The regular season will officially begin on Wednesday around 7 p.m. in Tokyo, which will be 6 a.m. ET and 3 a.m. PT, when Oakland right-hander Brandon McCarthy throws the first pitch of the regular season, most likely to Mariners leadoff man Chone Figgins, and Opening Series Japan 2012 gets under way in earnest.
Aside from the fanfare of a rabid Japanese crowd, a busy week in the Land of the Rising Sun replete with military visits, a somber Tuesday trip through the tsunami zone north of Tokyo for a baseball clinic and various autograph sessions around this sprawling metropolis, Wednesday's opening game will most of all match up two American League West rivals who are young, hungry and looking to surprise some people this year.
The two-time defending AL champion Texas Rangers and upstart Angels, with new first baseman Albert Pujols on board, are getting most of the love from preseason prognosticators forecasting the AL West, but the Mariners and A's have other ideas after stealthy winters and hard-fought springs.
For Seattle, Wednesday will represent the culmination of an extended spring that still isn't over; the club will return to Arizona after this two-game set to finish off its Cactus League slate. But the team is hoping it means a lot more -- specifically, the continuation in an ongoing progression of building a winner and a perennial contender.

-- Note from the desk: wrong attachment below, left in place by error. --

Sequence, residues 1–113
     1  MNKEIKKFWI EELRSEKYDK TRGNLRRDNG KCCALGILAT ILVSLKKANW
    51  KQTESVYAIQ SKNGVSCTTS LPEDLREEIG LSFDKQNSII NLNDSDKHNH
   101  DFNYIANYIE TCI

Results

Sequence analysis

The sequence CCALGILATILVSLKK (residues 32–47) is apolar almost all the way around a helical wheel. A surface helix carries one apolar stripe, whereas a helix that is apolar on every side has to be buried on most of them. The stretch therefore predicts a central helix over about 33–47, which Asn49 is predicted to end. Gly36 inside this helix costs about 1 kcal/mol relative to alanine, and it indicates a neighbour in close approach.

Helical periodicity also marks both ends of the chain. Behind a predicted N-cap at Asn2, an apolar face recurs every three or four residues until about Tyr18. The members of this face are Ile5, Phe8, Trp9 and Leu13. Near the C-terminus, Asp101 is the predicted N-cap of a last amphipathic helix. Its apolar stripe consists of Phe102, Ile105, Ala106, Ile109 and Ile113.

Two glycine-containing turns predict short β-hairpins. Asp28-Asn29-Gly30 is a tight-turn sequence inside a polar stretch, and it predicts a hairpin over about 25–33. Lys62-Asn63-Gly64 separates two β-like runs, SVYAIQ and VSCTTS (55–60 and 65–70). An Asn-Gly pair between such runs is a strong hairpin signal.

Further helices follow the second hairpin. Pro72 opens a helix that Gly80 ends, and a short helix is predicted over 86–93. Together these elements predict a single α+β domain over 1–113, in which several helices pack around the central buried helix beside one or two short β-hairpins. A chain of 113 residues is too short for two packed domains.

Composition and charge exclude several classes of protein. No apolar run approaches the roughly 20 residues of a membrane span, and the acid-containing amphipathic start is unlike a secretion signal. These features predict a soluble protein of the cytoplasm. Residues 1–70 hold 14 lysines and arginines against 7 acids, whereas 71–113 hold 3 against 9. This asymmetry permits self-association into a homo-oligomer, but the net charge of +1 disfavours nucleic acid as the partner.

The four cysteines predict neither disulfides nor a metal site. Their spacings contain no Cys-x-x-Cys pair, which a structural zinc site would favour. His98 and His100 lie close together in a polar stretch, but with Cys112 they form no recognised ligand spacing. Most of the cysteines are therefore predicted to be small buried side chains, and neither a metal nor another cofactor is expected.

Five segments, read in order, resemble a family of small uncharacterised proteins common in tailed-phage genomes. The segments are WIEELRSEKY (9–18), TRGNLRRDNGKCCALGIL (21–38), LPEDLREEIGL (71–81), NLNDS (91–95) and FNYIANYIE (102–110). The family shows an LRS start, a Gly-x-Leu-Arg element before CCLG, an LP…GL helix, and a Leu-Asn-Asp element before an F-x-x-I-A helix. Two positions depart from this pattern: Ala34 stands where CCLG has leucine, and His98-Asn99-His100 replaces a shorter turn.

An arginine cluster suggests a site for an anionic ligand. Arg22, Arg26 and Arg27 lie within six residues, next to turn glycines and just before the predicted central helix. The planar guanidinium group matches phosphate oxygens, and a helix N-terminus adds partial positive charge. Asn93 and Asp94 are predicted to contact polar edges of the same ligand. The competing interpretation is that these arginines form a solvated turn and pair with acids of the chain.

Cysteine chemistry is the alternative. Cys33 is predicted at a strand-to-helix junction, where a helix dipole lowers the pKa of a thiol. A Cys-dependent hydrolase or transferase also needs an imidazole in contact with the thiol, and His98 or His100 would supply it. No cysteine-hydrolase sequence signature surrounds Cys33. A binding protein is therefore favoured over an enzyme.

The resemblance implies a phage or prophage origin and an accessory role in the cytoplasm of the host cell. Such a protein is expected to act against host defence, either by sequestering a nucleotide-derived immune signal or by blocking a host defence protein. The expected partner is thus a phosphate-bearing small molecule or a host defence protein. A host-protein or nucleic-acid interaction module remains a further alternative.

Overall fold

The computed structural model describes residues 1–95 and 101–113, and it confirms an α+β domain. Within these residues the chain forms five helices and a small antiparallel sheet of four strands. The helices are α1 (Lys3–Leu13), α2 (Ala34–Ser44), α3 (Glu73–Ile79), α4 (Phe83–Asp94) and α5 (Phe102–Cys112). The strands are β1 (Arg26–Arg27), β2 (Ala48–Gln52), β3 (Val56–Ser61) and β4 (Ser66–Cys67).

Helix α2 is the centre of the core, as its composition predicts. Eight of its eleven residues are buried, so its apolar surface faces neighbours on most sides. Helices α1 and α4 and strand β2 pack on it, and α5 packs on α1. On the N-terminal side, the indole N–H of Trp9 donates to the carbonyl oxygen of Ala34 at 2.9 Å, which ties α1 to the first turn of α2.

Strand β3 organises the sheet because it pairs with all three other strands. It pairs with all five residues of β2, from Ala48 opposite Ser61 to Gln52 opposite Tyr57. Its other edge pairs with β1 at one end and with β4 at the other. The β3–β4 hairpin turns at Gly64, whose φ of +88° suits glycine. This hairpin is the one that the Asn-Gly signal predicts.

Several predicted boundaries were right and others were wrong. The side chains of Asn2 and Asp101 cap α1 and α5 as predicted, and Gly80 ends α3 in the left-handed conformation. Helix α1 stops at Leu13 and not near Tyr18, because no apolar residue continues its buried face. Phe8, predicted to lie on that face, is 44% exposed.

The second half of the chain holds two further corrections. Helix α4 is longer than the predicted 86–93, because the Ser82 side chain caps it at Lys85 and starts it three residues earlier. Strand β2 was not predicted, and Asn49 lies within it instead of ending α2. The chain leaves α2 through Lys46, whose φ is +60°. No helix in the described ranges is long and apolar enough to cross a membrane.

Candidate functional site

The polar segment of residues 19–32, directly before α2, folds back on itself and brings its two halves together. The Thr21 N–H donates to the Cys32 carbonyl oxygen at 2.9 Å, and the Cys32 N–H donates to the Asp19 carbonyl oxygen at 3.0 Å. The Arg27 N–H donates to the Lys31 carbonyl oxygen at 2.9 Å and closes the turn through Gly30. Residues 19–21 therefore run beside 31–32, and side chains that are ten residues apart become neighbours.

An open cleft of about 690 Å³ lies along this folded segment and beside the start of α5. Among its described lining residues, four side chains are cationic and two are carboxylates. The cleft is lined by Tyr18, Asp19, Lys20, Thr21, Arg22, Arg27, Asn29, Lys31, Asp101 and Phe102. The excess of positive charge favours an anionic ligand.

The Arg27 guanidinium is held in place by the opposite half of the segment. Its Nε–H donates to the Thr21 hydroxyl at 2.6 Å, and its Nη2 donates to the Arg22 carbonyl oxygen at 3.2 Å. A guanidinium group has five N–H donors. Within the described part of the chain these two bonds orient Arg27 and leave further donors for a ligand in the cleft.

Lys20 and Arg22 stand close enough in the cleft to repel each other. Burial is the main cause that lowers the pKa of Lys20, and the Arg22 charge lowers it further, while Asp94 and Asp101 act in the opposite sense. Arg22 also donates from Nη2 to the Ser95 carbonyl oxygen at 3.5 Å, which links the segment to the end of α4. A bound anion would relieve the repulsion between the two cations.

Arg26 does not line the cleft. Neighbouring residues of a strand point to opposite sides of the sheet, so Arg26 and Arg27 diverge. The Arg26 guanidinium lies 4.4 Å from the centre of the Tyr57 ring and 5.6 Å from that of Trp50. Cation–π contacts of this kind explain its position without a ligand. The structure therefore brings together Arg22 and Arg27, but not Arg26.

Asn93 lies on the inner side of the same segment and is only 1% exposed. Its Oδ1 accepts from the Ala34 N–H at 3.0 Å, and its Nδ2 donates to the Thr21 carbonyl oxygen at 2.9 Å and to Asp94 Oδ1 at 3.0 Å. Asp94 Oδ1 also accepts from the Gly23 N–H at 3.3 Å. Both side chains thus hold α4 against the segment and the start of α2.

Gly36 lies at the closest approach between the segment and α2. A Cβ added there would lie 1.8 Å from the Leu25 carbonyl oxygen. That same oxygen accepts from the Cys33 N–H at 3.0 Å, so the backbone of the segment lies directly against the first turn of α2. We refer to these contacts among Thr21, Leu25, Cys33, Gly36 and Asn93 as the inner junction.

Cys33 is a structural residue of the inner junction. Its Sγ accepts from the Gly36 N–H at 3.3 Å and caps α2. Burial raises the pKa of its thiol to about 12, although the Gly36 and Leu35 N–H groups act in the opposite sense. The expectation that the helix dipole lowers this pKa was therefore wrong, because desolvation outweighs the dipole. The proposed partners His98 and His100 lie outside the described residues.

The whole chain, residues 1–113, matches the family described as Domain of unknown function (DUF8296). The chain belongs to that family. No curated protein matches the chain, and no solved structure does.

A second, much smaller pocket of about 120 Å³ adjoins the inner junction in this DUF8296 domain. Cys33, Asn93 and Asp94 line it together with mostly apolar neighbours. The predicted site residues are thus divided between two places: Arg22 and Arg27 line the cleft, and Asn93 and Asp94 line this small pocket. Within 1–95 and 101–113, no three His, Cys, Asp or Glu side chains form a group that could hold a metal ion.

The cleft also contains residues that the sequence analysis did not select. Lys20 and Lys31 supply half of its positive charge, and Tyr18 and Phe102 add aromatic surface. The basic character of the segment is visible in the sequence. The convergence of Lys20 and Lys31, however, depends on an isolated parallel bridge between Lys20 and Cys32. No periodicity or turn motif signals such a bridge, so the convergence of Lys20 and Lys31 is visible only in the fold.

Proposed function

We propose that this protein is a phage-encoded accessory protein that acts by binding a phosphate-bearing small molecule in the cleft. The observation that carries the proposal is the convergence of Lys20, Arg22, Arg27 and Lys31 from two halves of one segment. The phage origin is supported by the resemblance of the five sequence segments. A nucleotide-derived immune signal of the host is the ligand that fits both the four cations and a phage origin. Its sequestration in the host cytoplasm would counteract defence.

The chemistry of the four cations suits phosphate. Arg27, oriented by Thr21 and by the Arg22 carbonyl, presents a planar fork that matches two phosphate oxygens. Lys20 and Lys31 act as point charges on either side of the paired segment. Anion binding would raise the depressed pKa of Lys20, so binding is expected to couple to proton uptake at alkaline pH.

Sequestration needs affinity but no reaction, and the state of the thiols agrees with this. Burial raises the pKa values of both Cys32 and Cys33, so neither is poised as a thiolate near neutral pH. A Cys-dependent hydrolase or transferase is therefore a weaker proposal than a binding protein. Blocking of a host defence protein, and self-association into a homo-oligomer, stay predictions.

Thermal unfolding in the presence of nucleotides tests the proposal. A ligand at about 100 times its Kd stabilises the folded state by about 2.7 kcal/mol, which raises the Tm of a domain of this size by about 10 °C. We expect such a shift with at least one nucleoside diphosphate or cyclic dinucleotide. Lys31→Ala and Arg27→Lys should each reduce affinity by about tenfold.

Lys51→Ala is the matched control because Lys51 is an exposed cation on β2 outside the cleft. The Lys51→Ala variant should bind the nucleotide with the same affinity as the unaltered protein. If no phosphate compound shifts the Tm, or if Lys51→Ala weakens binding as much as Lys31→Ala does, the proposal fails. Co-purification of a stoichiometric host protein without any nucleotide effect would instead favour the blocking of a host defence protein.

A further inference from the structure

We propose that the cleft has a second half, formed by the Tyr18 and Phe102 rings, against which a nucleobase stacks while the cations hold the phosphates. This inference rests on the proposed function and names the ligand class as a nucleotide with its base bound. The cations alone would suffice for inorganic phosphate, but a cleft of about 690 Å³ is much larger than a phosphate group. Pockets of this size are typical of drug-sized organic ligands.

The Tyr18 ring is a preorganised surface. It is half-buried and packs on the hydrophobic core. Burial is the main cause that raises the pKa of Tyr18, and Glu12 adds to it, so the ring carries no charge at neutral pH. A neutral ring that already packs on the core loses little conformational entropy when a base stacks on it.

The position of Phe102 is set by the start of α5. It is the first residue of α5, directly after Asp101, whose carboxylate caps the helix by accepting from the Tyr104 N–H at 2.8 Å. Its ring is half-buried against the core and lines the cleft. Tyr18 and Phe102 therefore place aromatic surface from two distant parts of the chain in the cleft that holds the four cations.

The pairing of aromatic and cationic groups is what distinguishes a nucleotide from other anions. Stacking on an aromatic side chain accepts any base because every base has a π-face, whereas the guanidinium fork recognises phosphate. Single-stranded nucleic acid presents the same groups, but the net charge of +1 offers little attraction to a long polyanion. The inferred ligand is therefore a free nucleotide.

"We played pretty good baseball all spring," Mariners manager Eric Wedge said. "I trust these guys, I trust in what we're doing, I trust in their ability, and when we turn that switch on Opening Day, I'm counting on us being ready to go."
Some things have changed since the Mariners' fourth-place finish in the AL West last year.
Ichiro Suzuki is batting third instead of leadoff. Catcher Jesus Montero, who was brought to Seattle in a trade with the Yankees for pitcher Michael Pineda, is hitting in the middle of the order. The bench has been strengthened.
Young right-hander Hector Noesi, who also came from New York in the Pineda deal, and veteran starter Kevin Millwood will round out the starting rotation behind Seattle's ace, former AL Cy Young Award winner Felix Hernandez, who gets the ball on Wednesday for his fifth Opening Day start.
"Everyone's excited," Mariners outfielder Michael Saunders said. "We're young, we're exciting, and when we get nine guys on the field taking care of business, we're going to be a really good ballclub. We're trying to build a winner in Seattle, and we want to do it as a nucleus of players that will stay together over the long haul."
The A's are heading into this season with a very similar attitude.
Oakland, after all, went 74-88 last year with a young team, then underwent an offseason roster remodel the likes of which fans have seen before from general manager Billy Beane. Oakland said goodbye to young starters Trevor Cahill and Gio Gonzalez, among others, bringing in prospects galore and a Cuban defector, Yoenis Cespedes, whom the team hopes will be a major presence in center field and in the heart of the batting order for years to come.